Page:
The Worship of Vintage Christianity: I Timothy 2:8-10.

Introduction: Why corporate worship is important
We are living in a day when worship as a public act is being minimized by many believers, who think that they can get along quite well – thank you very much – without the church.  I met a family one time that felt that all organized worship was wrong and resisted any invitation to go to church with us (or to any church), even though they professed to be followers of Christ.  At another time, I talked to a fellow believer who told me, “I just don’t feel like church is for me right now.”  In other cases, people flit from church to church and then eventually end up giving up and staying at home because they just “didn’t fit.”  Some people don’t go to church, but protest that they are doing just fine because they watch the Hour of Power and Billy Graham on the TV.
The New Testament knows nothing of this attitude towards the church.  It sees participation in the community of believers as essential to the faith.  The author of Hebrews warned not to forsake the assembly of believers “as the manner of some is” – in light of the coming judgment (Heb. 10:24-5).  In other words, worshipping with the church is a serious and indispensable thing for believers.  What Paul says to Timothy in the text reinforces this emphasis.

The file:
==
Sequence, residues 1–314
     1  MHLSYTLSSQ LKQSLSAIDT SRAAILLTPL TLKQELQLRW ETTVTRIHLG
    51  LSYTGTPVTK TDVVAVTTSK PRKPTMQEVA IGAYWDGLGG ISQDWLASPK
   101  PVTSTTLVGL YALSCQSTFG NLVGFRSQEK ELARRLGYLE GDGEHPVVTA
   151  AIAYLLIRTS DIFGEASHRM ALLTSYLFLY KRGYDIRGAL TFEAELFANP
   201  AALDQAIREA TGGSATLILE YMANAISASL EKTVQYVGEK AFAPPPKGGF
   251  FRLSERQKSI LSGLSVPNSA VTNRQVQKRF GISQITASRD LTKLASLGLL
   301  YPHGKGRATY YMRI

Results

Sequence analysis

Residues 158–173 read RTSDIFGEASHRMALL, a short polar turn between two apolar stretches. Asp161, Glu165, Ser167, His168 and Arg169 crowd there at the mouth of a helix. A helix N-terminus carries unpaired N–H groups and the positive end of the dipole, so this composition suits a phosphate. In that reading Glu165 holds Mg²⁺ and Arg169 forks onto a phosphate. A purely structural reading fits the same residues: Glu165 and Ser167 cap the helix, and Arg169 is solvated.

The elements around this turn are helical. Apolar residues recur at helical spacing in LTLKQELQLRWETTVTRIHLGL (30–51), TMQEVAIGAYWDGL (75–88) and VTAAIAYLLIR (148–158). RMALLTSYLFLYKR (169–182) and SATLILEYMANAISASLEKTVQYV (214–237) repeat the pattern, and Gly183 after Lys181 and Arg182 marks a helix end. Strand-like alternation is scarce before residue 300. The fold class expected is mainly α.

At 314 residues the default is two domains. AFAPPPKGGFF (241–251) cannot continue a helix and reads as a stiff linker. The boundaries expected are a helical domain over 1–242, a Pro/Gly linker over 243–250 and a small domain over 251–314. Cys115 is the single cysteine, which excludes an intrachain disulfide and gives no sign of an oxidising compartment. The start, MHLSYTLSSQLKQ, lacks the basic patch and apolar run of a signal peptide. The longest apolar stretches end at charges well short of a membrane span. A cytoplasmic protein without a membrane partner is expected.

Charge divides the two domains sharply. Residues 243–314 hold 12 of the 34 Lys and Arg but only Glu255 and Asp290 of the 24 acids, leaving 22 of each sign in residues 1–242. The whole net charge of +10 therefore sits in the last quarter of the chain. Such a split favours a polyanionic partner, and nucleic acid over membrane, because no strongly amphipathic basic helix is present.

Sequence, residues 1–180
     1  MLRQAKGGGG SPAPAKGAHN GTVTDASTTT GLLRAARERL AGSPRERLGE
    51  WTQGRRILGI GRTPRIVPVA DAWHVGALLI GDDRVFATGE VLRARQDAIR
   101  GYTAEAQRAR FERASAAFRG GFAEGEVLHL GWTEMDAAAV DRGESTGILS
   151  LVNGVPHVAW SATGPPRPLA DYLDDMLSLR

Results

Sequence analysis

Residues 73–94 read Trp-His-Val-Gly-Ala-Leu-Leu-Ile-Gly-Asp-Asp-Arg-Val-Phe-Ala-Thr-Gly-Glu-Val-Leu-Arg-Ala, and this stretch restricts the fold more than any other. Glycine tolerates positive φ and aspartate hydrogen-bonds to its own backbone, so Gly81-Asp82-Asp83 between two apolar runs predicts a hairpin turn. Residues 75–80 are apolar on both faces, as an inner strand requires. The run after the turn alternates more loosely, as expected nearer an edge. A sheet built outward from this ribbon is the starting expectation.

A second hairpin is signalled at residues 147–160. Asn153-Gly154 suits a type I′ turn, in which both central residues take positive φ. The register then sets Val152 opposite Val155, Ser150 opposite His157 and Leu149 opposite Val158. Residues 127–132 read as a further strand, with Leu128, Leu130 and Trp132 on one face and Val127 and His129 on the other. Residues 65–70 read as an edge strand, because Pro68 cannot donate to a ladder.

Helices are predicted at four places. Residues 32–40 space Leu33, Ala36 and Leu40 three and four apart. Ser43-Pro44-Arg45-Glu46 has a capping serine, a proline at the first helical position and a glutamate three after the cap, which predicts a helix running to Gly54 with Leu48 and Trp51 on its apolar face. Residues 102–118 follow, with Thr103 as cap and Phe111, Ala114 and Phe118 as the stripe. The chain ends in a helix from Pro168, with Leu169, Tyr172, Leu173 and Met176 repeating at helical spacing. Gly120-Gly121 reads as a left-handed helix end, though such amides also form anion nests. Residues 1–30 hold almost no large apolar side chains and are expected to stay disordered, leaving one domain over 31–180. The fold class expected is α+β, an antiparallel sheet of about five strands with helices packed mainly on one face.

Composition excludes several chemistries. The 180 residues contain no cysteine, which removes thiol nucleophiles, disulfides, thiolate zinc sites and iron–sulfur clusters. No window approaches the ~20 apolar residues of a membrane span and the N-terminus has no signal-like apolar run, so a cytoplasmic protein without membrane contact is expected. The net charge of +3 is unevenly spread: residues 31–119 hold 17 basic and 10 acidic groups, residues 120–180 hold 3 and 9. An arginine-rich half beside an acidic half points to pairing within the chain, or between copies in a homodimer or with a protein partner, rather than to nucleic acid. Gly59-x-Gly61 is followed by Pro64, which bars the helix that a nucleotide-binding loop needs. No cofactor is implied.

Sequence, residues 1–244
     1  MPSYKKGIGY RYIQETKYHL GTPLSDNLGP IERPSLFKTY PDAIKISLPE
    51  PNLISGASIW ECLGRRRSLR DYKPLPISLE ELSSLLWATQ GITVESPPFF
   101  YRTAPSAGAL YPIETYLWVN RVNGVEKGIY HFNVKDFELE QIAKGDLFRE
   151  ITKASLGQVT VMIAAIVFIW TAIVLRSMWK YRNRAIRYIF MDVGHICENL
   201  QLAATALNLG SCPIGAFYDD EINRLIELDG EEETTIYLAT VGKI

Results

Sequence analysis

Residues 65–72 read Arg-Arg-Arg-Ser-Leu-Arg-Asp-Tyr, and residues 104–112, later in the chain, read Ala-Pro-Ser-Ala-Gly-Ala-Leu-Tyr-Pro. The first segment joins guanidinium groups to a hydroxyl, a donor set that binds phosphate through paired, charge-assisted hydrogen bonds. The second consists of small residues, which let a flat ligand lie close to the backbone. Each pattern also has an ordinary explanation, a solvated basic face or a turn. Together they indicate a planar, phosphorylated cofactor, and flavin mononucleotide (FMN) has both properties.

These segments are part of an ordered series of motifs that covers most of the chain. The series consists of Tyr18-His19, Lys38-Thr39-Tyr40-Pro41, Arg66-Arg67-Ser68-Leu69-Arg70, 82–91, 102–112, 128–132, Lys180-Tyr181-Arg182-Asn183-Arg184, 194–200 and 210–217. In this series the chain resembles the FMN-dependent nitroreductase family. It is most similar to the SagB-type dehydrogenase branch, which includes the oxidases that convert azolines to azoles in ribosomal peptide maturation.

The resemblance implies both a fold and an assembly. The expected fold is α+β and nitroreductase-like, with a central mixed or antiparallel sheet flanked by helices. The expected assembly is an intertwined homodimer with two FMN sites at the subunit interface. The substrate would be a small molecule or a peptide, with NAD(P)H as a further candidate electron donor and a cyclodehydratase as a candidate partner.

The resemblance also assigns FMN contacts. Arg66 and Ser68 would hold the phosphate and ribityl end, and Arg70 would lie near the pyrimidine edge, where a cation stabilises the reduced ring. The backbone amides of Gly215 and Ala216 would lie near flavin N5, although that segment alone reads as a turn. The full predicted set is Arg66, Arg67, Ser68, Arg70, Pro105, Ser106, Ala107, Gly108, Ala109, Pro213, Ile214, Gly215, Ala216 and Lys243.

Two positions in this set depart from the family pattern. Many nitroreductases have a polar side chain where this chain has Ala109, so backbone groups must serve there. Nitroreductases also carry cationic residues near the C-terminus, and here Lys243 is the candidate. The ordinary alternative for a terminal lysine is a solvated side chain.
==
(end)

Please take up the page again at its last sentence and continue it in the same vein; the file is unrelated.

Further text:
In the next chapter, in 1 Timothy 3:14-15, Paul tells his son in the faith that he is writing these things to him (i.e. the contents of his letter previous to this) “that . . . you may know how one ought to behave in the household of God, which is the church of the living God, a pillar and buttress of the truth” (ESV).  In other words, the instructions of Paul to Timothy had to do with the church.  Hence, when we arrive at our text, we need to see them as addressing a situation in the gathered community of believers, the church.  When Paul urges that “supplications, prayers, intercessions, and giving of thanks, be made for all men” (v. 1), he is thinking not primarily of private prayer (though that is important), but of public prayer made in the church.  The church is to pray and it is to pray for all people.

Similarly, in verses 8-10, Paul is addressing a situation in the Ephesian church.  Of course, what Paul intended for the Ephesian church, he intended for all Christian churches – it was not only there that men should pray, but that “men pray everywhere;” that is, in every place there was a church.

What should be underlined here is that Paul is concerned about worship in the gathered community of believers.  It is not just that worship is important, but that worship with other believers is important.  Worship is not just a private act.  It ought also to be a public act as well.